can lead to far more significant problems. If you plan toapply pesticides to control weeds and pest insects aroundyour property consider researching different managementoptions online before making a purchase. Look for optionsthat have the least impact on pollinators and other nontarget organisms.Pesticide labels contain information on safety to pollinators.Read the label. The label is the law!ConclusionImproved awareness and understanding of wild honeybees and other pollinators adds to the enjoyment of theoutdoors. Pollinator protection is a national priority, andvarious federal and regional organizations actively engagein the effort. Numerous resources are available, some ofwhich are listed under references.Bee smart!Do not try to remove honey bee colonies yourself!NEVER shoot at, throw water, rocks, gasoline or otherchemicals, burn or otherwise threaten honey bee colonies.Honey bees should be removed by experiencedprofessionals.AcknowledgmentsThis material is based upon work that is supported inpart by the National Institute of Food and Agriculture, U.S.Department of Agriculture, under award number 201770006-27145 and NI181445XXXXG007. Additional fundingis provided by the Arizona Pest Management Center,and University of Arizona. Any findings, conclusions, orrecommendations expressed in this publication are thoseof the authors and do not necessarily reflect the views ofthe U.S. Department of Agriculture or the University ofArizona.References Cited and Sources forMore InformationArizona Department of Agriculture. 2016. ArizonaManagement Plan for the Protection of Pollinators(Arizona MP3). goo.gl/uJaFkdBuchmann, S.L., S. Bealmear, S. Prajzner, and V. Wojcik.2011. Arizona Bee Identification Guide. eneralFiles/AZ bee guide FINAL.pdf10The University of Arizona Cooperative ExtensionDelaplane, K.S. 2017. Africanized Honey Bees. Universityof Georgia Cooperative Extension publication. /files/pdf/B%201290 5.PDFO'Malley, M. K., J. D. Ellis, A. S. Neal. 2007. Bee-proofingfor Florida citizens. UF/IFAS Extension Publication No.ENY-143. Entomology and Nematology Department,University of Florida. eley, T.D. 2009. The wisdom of the hive: the social physiologyof honey bee colonies. Harvard University Press.Tarpy, D. 2016. The honey bee dance language. NC StateExtension publication No. AG 646. ageThe White House. 2015. National strategy to promote thehealth of honey bees and other pollinators. les/images/Blog/PPAP 2016.pdfvon Frisch, K. and L.E. Chadwick. 1967. The dance languageand orientation of bees. Vol. 1. Cambridge, MA: BelknapPress of Harvard University Press.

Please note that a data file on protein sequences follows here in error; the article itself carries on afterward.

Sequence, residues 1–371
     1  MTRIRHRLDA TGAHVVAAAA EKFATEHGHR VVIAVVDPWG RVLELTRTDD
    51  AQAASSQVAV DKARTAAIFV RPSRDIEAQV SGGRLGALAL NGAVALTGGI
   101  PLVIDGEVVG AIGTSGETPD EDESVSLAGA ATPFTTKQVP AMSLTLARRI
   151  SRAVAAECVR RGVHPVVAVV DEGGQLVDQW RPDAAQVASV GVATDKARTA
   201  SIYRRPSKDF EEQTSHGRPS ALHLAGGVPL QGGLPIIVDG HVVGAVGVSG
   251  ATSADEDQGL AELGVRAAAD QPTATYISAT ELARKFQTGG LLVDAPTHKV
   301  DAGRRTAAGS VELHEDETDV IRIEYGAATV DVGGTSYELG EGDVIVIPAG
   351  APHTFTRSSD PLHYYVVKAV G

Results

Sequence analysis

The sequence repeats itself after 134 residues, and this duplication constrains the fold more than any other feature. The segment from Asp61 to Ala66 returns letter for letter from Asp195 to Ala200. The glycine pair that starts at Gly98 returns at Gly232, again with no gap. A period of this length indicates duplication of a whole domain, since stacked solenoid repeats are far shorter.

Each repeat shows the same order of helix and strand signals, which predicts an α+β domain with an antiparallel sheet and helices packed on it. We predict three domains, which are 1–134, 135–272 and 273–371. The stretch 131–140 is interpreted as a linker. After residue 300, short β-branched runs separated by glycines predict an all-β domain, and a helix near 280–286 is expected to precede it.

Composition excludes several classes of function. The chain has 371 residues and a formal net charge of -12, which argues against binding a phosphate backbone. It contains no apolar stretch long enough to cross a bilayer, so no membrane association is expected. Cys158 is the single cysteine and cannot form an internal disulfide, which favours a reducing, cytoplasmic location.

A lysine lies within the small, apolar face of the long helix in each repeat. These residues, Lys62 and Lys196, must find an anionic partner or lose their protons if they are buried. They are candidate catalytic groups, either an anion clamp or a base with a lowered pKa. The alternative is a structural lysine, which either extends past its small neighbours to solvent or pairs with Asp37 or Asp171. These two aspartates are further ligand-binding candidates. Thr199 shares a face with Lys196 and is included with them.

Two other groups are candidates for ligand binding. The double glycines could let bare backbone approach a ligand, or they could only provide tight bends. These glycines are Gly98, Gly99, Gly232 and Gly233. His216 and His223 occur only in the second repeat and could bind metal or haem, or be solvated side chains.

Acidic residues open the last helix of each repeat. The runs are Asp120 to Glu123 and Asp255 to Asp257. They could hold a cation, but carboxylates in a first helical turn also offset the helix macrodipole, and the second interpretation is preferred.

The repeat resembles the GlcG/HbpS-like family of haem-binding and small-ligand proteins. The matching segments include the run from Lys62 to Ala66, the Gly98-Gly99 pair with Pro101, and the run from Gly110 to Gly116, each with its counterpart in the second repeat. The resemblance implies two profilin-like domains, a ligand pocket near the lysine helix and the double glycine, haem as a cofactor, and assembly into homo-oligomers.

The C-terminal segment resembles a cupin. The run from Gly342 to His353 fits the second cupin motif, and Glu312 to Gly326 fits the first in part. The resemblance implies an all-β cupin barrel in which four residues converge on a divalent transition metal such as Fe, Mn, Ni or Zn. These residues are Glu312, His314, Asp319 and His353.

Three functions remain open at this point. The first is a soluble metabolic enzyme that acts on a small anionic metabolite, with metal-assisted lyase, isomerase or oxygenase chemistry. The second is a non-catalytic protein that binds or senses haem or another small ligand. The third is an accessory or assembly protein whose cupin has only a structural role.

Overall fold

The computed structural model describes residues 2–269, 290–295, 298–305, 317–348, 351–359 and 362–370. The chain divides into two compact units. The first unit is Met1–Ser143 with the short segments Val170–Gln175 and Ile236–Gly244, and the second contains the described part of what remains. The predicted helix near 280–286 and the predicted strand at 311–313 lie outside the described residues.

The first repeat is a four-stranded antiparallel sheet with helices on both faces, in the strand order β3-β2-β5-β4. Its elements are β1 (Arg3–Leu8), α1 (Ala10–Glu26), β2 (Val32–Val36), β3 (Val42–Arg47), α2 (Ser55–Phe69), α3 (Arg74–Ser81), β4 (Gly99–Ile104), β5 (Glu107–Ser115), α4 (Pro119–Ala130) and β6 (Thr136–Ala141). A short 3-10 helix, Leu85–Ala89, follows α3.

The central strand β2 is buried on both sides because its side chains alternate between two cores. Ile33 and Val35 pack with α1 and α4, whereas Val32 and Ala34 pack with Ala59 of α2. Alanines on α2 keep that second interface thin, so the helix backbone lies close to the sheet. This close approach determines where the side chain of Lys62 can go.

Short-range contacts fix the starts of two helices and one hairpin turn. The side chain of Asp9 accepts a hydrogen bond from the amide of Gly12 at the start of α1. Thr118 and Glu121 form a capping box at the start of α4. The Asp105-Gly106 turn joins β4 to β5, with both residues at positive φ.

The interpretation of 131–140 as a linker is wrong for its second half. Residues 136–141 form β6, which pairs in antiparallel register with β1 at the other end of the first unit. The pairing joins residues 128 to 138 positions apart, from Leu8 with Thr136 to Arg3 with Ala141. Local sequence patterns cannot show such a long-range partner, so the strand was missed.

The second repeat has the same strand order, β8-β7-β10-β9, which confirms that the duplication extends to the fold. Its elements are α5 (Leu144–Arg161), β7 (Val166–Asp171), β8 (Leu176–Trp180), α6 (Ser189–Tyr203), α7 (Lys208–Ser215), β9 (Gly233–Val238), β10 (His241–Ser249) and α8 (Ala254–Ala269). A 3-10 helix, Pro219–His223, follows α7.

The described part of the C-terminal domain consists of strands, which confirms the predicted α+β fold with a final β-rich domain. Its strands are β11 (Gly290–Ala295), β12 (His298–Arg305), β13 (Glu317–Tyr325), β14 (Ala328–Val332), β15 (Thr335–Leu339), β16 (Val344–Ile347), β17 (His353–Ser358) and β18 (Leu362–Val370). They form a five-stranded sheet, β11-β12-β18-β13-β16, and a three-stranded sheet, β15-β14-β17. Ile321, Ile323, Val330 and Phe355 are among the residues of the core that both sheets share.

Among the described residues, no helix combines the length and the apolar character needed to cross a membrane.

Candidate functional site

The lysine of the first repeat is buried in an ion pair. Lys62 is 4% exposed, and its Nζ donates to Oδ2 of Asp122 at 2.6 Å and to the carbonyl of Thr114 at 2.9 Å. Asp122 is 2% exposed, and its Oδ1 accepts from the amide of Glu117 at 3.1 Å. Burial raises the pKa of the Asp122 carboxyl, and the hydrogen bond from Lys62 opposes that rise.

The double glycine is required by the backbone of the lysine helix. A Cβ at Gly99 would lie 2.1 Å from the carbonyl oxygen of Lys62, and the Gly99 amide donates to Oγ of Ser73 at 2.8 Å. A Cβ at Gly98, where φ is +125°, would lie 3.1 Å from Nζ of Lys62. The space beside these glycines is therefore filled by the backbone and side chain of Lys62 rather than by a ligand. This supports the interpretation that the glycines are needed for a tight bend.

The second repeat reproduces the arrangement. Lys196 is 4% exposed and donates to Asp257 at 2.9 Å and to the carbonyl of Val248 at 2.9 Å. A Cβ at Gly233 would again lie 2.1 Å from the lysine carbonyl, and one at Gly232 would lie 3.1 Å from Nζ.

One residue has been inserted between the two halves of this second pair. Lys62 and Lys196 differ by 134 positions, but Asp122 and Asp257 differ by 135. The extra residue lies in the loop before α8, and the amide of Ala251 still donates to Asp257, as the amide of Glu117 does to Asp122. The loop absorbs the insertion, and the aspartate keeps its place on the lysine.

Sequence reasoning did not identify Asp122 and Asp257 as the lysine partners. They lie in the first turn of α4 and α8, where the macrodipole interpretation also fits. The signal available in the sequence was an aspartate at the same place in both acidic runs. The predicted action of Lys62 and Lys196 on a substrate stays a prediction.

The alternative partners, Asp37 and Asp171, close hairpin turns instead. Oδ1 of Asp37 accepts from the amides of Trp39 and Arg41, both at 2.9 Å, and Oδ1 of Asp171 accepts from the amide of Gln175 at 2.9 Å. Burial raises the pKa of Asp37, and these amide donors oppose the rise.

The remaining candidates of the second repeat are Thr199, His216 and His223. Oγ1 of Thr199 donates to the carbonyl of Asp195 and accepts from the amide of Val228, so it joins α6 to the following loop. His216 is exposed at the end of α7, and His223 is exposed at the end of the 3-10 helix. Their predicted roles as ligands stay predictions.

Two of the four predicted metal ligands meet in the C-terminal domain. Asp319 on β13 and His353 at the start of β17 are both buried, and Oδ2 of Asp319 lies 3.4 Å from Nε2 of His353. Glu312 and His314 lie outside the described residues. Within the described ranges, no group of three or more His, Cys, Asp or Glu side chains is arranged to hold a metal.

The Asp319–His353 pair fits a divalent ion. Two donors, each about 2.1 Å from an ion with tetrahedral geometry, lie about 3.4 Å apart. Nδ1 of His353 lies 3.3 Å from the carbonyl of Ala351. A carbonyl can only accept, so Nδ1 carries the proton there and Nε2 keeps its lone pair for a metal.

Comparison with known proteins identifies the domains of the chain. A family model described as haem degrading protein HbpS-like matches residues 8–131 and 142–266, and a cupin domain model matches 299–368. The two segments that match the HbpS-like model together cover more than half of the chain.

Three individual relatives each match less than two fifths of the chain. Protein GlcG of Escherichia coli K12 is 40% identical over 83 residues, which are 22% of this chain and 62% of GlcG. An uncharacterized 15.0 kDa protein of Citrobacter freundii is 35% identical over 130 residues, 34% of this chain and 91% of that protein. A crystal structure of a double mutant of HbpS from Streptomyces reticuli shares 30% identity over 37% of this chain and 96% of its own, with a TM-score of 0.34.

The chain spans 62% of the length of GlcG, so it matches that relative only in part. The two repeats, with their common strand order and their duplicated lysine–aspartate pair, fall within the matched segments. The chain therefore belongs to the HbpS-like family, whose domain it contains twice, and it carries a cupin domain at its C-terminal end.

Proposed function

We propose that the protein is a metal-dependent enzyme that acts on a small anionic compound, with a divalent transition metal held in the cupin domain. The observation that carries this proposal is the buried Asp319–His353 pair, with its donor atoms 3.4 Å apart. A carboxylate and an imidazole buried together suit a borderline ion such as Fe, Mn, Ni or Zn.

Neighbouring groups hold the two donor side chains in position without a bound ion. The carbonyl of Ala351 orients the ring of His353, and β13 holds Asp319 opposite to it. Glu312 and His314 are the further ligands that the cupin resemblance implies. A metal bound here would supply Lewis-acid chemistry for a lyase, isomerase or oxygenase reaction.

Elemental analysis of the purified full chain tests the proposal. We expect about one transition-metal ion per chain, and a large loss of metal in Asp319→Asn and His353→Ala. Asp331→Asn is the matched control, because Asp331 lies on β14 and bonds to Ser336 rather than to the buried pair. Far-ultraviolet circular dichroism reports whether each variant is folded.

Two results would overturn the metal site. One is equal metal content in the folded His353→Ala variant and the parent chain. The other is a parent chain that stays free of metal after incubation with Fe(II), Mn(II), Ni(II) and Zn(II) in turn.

The University of ArizonaCollege of Agriculture and Life SciencesTucson, Arizona 85721AUTHORSShaku NairAssociate in Extension-Community IPM, Department of EntomologyDawn H. GougeSpecialist and Professor, Public Health Entomology, Department ofEntomologyAyman MostafaArea Programmatic Agent & Regional Specialist, Cooperative Extension& Dept. of EntomologyShujuan LiAssociate in Extension-Public Health IPM, Department of EntomologyKai UmedaArea Extension Agent, Turfgrass Science, Maricopa County CooperativeExtensionHongmei Li-ByarlayAssistant Professor of Entomology, Agricultural Research andDevelopment Program, Central State UniversityCONTACTShaku Nairnairs@arizona.eduThis information has been reviewedby University Other titles from Arizona Cooperative Extensioncan be found at:extension.arizona.edu/pubsAny products, services or organizations that are mentioned, shown or indirectly implied in this publicationdo not imply endorsement by The University of Arizona.Issued in furtherance of Cooperative Extension work, acts of May 8 and June 30, 1914, in cooperation with the U.S. Department of Agriculture, Jeffrey C. Silvertooth, Associate Dean & Director, Extension& Economic Development, Division of Agriculture, Life and Veterinary Sciences, and Cooperative Extension, The University of Arizona.The University of Arizona is an equal opportunity, affirmative action institution. The University does not discriminate on the basis of race, color, religion, sex, national origin, age, disability, veteran status,sexual orientation, gender identity, or genetic information in its programs and activities.The University of Arizona Cooperative Extension11

Wild honey bees (also called Africanized bees) in Arizona are a hybrid of the western honey bee (Apis mellifera), and other bee subspecies including the East African lowland honey bee (Apis mellifera scutellata), the Italian honey bee . Apis mellifera ligustica, and the Iberian honey bee . Apis mellifera iberiensis. They sometimes establish colonies